I’ve been making variations on this soup for years, usually around this time of year when the indulgences of the holidays have caught up to me and I’m yearning for something simple and nourishing. It’s endlessly adaptable and a perfect odds-and-ends soup to use up leftover bits of vegetables from your fridge. It's super easy and makes a large batch, perfect for a few days' lunches or a cozy dinner with friends on a cold night.
This is the recipe at its most basic, so feel free to add extra things if you wish, but I do find that the cabbage and rutabagas are essentials. I love how silky the humble green cabbage gets when simmered for a long time in broth, and it’s packed with nutrition. Rutabagas may be unfamiliar to many of you, but growing up they were a staple of our southern Thanksgiving, boiled and mashed like potatoes. A little less starchy than a potato, their flavor is much more interesting—a bit astringent, but balanced with a subtle sweetness. A cross between the turnip and wild cabbage, rutabagas are super healthy. They’re a good source of potassium, vitamin C, vitamin B6, and magnesium, and they also have potent anti-fungal properties that are great for gut health. I fill out the rest of the soup with some white potato, which I think gets an unfair bad wrap as unhealthy. Potatoes are better sources of potassium than bananas, with fewer carbs and without the sugar, you just have to eat them with the skin still on. The potato skin contains the bulk of their nutrients, and adds a nice texture to the dish as well.
The vegetables themselves make a nice stock, but if I have time and the ingredients I'll make a quick chicken stock for the base. I do this in my Instant Pot, which is an electric, programmable pressure cooker, but you can easily do the same on the stove top in a regular pot. I start with either a chicken carcass (leftover from roast chicken) or a pack of chicken legs, cover it with water, and cook on high pressure for 20 minutes. If on the stovetop, bring to a boil and then lower the heat to a gentle simmer for 1 hour. Strain the stock and you're ready to go. If you don't have the time or ingredients, or you'd like to make it vegetarian, simply skip this step, the soup will still taste good. Near the end, I add turmeric, cayenne, and black pepper for added flavor and nutrition. Turmeric is highly anti-inflammatory, though be sure to include the black pepper, which helps make the curcumin, turmeric's active component, more bioavailable. The cayenne adds another boost of antioxidants, but you can omit it if you don't like spicy food. Finally, I like to add a spritz of lemon juice as I serve it, which brightens up the flavors and balances the earthy root vegetables with a hit of acidity, and a pinch of fresh herbs from my garden. Oregano, cilantro, parsley, dill, mint, any could work and add a new dimension to the soup. Watermelon radish, a California winter farmers' market staple, also brightens up the flavor and color.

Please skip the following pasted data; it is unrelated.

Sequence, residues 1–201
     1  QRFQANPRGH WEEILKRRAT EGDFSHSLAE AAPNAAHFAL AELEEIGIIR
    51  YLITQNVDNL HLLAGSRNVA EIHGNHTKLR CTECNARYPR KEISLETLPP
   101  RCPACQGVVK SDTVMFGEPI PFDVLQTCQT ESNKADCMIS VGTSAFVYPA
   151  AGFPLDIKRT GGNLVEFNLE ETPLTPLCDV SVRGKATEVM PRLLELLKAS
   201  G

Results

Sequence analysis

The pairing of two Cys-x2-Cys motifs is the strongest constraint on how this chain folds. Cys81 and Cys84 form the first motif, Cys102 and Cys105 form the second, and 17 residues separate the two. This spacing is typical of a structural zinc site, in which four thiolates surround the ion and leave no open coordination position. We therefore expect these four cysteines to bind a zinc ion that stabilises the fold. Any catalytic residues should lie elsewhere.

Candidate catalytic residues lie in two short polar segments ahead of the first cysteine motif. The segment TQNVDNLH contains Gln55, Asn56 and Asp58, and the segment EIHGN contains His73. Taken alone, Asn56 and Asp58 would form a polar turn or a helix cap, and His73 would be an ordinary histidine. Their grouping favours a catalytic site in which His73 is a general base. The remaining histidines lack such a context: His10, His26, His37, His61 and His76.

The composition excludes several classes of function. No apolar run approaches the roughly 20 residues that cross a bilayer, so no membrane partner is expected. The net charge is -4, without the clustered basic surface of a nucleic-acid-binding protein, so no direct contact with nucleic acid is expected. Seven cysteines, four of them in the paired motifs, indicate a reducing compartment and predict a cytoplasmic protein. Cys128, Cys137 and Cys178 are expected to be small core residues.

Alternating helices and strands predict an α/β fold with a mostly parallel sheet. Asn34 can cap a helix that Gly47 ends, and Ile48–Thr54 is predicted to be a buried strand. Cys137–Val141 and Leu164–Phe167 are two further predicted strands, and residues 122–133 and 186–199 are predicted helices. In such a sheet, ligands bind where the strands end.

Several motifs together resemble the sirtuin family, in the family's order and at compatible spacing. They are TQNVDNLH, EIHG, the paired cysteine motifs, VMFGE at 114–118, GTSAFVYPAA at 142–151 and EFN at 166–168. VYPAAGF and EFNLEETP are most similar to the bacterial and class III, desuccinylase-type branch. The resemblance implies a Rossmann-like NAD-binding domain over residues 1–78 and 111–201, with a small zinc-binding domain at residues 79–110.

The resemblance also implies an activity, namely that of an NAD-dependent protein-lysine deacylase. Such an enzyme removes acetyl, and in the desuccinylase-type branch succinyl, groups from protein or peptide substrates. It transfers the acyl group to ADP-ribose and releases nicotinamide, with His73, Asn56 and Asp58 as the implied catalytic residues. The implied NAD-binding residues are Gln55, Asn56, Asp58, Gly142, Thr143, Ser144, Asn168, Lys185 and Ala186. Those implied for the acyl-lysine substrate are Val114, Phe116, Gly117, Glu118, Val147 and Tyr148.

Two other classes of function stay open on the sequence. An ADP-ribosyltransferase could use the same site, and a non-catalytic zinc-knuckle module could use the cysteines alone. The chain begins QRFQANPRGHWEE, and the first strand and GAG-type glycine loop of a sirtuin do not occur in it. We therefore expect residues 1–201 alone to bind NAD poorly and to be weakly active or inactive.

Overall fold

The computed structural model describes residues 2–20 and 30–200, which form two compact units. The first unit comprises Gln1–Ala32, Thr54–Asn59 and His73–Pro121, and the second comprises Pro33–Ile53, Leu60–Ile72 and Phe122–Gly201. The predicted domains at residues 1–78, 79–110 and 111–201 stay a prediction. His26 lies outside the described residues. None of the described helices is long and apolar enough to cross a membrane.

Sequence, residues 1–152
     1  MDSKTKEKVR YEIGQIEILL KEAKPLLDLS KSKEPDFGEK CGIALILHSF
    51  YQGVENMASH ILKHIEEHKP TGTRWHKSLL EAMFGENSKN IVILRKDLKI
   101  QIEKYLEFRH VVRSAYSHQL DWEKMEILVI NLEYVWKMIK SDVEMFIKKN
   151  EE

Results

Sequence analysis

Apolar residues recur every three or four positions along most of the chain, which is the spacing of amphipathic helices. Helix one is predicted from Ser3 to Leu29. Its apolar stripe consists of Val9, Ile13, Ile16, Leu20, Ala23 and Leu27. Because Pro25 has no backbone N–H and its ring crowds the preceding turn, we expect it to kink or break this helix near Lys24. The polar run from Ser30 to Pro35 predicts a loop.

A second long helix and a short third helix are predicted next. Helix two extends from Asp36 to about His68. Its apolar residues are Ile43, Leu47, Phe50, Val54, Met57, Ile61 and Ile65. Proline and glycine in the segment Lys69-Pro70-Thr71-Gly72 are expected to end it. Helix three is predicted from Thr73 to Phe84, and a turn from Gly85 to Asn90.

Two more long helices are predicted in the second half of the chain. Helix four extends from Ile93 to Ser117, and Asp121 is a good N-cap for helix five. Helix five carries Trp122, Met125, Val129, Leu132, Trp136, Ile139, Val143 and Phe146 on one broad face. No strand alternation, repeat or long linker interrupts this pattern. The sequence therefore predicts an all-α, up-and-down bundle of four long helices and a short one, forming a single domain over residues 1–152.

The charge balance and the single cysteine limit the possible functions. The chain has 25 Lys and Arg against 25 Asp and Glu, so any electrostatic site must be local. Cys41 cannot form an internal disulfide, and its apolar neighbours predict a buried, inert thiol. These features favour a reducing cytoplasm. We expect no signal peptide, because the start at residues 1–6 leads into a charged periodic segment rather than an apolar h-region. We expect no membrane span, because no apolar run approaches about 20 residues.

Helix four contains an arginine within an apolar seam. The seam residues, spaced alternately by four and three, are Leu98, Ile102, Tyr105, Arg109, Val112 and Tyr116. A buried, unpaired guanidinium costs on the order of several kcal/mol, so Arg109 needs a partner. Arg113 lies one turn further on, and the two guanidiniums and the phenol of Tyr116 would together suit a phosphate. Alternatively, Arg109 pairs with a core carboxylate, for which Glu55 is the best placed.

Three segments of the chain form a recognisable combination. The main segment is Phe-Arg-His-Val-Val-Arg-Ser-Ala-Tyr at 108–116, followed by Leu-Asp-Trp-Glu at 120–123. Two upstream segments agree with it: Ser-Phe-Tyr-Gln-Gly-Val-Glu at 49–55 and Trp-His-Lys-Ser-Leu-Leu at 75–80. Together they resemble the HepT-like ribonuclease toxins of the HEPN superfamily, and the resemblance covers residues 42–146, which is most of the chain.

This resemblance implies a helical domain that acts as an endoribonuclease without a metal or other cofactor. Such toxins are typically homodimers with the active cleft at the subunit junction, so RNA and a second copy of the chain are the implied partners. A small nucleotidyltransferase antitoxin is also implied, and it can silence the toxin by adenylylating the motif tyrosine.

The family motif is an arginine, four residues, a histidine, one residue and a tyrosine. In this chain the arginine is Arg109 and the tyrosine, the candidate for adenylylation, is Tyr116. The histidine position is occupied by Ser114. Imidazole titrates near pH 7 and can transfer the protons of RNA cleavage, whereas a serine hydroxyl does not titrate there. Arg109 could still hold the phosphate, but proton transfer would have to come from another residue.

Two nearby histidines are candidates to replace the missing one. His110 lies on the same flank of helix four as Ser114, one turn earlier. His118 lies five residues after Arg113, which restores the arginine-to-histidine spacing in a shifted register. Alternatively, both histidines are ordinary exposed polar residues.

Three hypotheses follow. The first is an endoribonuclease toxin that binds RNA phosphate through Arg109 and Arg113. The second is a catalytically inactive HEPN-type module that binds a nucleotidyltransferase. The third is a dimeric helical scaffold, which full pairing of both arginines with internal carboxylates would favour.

Winter Cleanse Soup
2 tbsp butter or oil (I prefer avocado oil)
1 onion, diced
3 stalks celery, diced
2 carrots, diced
3 cloves garlic, sliced
8 cups fresh chicken broth or water
2 medium rutabagas, peeled and chopped into 1" pieces
1/2 head of green cabbage, chopped into 1" pieces
2 medium potatoes, skin on, chopped into 1" pieces
1 tsp turmeric
1/4 tsp black pepper
1/4 tsp cayenne (optional)
salt, to taste (about 2 tsp should work)
lemon juice, to taste
fresh herbs, for garnish (optional)
watermelon radish, thinly sliced, for garnish (optional)
In a large pot, warm your butter or oil over low heat. Add the diced onion, celery, and carrots, and cook until softened, stirring often, about 5 minutes. Add the garlic and cook, stirring, just until fragrant, about 1 minute. Add your water or stock and the rutabagas, raise the heat to high, and bring to a simmer. Lower the heat to just maintain a gentle simmer and cook the rutabagas until they're beginning to be tender, about 15 minutes. Add the cabbage and potatoes and continue to cook until the potatoes have softened, about 15 more minutes. During this time, add the turmeric, black pepper, cayenne, and 1 tsp of salt. Once the soup is done, taste the broth for saltiness and add more salt to taste. I find 2 tsp total works for a soup of this size, but your taste may vary. Serve the soup into bowls and add a spritz of lemon to each if you'd like. Garnish with a pinch of fresh herbs and watermelon radish, if you have them.